• Sleep study (ambulatory oximetry or polysomnography)
    • Genetic testing in rare cases of apparent familial disease (especially if onset at young age)

Blood Tests

  • Blood tests to be considered at least once in evaluation of atrial fibrillation:
    • Electrolytes (including magnesium, phosphate and calcium)
    • Thyroid-stimulating hormone (TSH)
    • Renal function tests
    • Liver function tests
    • Complete blood count
    • Coagulation profile
    • Fasting lipid profile
    • Fasting glucose
    • Serum levels of B-type natriuretic peptide (BNP)

Management

Mainstay of treatment for atrial fibrillation is rate-control and reduction of stroke risk.

Two strategies to manage atrial fibrillation are rhythm- and rate-control.

  • Shown to be equivalent in AFFIRM and AF-CHF trials 

Rate-Control: 

  • Goal is to minimize effect on quality of life
  • Aim for a resting heart rate of < 100 beats per minute in permanent atrial fibrillation
    • RACE II: Among patients with permanent atrial fibrillation, lenient rate-control (HR < 110 bpm) is as effective as strict rate-control (HR < 80 bpm) in preventing cardiovascular events
  • Initial therapy should be beta blockers or nondihydropyridine calcium channel blockers
    • Beta blockers should be used in patients with myocardial infarction or systolic dysfunction
    • Calcium channel blockers should be avoided in patients with systolic dysfunction
    • Digoxin should NOT be used as initial therapy
      • It can be used in sedentary individuals or those with systolic dysfunction
      • It can be used in individuals who have contraindications
      • It can be used in individuals who are unable to tolerate or have inadequate response to beta blockers or calcium channel blockers
      • Dosing should be adjusted according to renal function
      • Potential drug interactions should always be considered.

Rhythm-control:

  • Recommend a rhythm-control strategy for patients with atrial fibrillation who are symptomatic with adequate rate-control therapy or in whom rate-control therapy is unlikely to control symptoms
  • Classes of antiarrhythmic agents are listed below; these can be used in acute management of atrial fibrillation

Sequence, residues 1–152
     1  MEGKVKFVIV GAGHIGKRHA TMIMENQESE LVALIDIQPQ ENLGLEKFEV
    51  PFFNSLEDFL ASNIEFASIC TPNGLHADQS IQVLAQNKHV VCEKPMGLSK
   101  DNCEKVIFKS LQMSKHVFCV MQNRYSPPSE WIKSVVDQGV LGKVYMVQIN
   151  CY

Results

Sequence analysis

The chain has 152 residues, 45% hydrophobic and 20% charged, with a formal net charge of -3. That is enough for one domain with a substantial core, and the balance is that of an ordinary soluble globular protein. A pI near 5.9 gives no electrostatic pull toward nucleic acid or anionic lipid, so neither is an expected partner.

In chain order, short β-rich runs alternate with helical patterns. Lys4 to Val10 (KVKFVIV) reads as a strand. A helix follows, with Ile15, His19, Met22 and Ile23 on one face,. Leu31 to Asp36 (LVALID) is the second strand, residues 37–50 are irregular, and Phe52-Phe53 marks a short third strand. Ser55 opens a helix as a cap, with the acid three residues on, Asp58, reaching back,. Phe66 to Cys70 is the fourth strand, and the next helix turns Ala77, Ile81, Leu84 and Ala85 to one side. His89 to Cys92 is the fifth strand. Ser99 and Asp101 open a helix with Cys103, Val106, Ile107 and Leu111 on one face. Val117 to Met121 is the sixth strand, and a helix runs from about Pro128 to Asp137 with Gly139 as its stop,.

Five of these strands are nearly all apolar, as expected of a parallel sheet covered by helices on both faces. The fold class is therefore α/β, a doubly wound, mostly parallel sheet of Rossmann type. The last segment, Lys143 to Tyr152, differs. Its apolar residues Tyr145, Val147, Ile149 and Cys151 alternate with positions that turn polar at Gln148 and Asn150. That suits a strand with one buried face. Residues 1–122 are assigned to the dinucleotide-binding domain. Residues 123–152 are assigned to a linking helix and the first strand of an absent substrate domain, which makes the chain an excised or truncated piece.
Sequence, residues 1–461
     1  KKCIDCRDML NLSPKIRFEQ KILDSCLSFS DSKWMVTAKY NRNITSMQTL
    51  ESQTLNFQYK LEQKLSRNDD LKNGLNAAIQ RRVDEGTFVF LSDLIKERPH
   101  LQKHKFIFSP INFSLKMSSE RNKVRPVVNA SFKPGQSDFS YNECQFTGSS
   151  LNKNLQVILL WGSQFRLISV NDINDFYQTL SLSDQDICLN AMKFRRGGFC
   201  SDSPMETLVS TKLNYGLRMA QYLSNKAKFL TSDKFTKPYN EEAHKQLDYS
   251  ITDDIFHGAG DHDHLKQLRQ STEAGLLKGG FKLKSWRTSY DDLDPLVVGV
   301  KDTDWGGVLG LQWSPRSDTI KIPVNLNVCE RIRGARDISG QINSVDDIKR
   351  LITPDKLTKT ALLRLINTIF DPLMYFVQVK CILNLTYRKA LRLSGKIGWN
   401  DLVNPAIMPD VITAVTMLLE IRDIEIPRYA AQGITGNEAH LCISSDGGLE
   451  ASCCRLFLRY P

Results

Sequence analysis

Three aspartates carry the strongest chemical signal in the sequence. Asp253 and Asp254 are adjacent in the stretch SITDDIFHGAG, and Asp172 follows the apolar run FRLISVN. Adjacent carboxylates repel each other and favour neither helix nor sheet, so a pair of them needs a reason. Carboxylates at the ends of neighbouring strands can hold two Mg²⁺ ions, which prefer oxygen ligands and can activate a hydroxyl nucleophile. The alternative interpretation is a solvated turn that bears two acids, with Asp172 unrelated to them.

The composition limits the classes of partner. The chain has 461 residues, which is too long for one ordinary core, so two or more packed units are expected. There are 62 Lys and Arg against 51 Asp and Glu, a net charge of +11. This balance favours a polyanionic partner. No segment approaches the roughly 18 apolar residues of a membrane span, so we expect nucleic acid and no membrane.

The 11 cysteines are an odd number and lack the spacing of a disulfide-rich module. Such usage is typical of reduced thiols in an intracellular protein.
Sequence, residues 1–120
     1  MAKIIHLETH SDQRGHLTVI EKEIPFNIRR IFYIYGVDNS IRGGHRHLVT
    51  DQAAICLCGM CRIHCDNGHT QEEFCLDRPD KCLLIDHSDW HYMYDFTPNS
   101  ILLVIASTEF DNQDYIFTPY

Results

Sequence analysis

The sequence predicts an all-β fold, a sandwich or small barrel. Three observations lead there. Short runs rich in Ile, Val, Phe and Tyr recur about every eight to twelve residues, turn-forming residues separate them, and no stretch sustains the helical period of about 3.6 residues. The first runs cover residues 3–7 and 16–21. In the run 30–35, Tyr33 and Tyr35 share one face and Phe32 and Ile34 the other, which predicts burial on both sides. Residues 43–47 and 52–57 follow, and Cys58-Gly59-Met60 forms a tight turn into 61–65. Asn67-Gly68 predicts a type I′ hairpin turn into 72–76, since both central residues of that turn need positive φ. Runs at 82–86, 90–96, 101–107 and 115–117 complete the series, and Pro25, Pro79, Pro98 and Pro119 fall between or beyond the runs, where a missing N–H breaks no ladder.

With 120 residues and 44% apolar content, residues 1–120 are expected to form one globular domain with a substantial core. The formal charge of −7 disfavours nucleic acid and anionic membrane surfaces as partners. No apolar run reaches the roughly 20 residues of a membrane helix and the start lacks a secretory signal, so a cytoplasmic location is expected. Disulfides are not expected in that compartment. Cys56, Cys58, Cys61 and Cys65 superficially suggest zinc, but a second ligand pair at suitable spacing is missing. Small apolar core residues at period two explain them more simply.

• An AV-blocking agent should be used in patients with AF or AFL being treated with a class I antiarrhythmic drug (eg, propafenone or flecainide) in the absence of advanced AV node disease
  • Intermittent antiarrhythmic drug therapy (“pill in the pocket” as shown in the figure below) in symptomatic patients with infrequent, longer-lasting episodes of atrial fibrillation is an alternative to daily antiarrhythmic therapy
  • To be avoided in patients with advanced sinus or AV nodal disease

Rhythm-control agents in patients without CHF 

(Class I agents should be used in conjunction with AV nodal blocking agents and avoided in CAD)

    • Drodenadone (use with caution with digoxin)
    • Flecainide
    • Propafenone
    • Sotalol (use with caution in individuals at risk of Torsades – e.g. female, age > 65, and renal failure)

Rhythm-control in individuals with CHF:

  •  Determine ejection fraction
    • If EF>35%: Amiodarone or Sotalol
    • If EF<35%: Amiodarone
  • If above strategies fail – can move to catheter ablation

Amiodarone is a common antiarrhythmic medication for atrial fibrillation

  • Acutely, IV amiodarone acts as a beta-blocker and can help rate control atrial fibrillation. However, stopping IV amiodarone will lead to its diffusion into tissues, and serum levels drop off rapidly.
  • Chronically, amiodarone is the most effective medications for atrial and ventricular arrhythmias, including atrial fibrillation. Patients require a total of 10 grams to saturate their tissues such that their serum levels remain high. At that point, the half-life becomes very long and it becomes an effective anti-arrhythmic medication.
  • Drug monitoring:
    • Chronic amiodarone is rarely a long-term solution for patients with atrial fibrillation due to risk of side effects.  (discussed elsewhere). 
MonitoringBaselineRepeat
TSHYESq6mo
Liver enzymesYESq6mo
Chest X-rayYESq1yr
ECGYESq1yr
PFT (with DLCO)YESOnly if sx
Ophthalmic examIf visual impairmentOnly if sx

Please refer to CCS Part 4 Rhythm Management guidelines, Table 7 for full details of “Pill-in-Pocket” Therapy.

Cardioversion: 

  • To be discussed below in anticoagulation section

Catheter Ablation:

  • Can be used in patients who are highly symptomatic despite adequate rhythm-control trial (drug-refractory) and in whom rhythm control is desired
  • Can be utilized in select individuals are first line therapy (e.g. paroxysmal atrial fibrillation that is highly symptomatic) or individuals with pre-excitation atrial fibrillation with an accessory pathway
  • Can be utilized as first line therapy or as a reasonable alternative to pharmacologic rhythm- or rate-control therapy patients with symptomatic typical atrial flutter 
  • Since catheter ablation is an invasive procedure, risks and benefit must be balanced; the chart below will outline some risks and benefits of catheter ablation

Management of Atrial Fibrillation or Atrial Flutter in the acute setting:

  • Stable patients: proceed with rhythm- or rate-control
  • Hemodynamically stable patients with AF/AFL of known duration <48 hours in whom a control strategy has been selected:
    • Rate-slowing agents alone are acceptable while awaiting spontaneous conversion to sinus rhythm
    • Synchronized electrical cardioversion (150-200 joules biphasic) or pharmacologic cardioversion may be used. If criteria below are met (please refer to diagram below – Figure 7)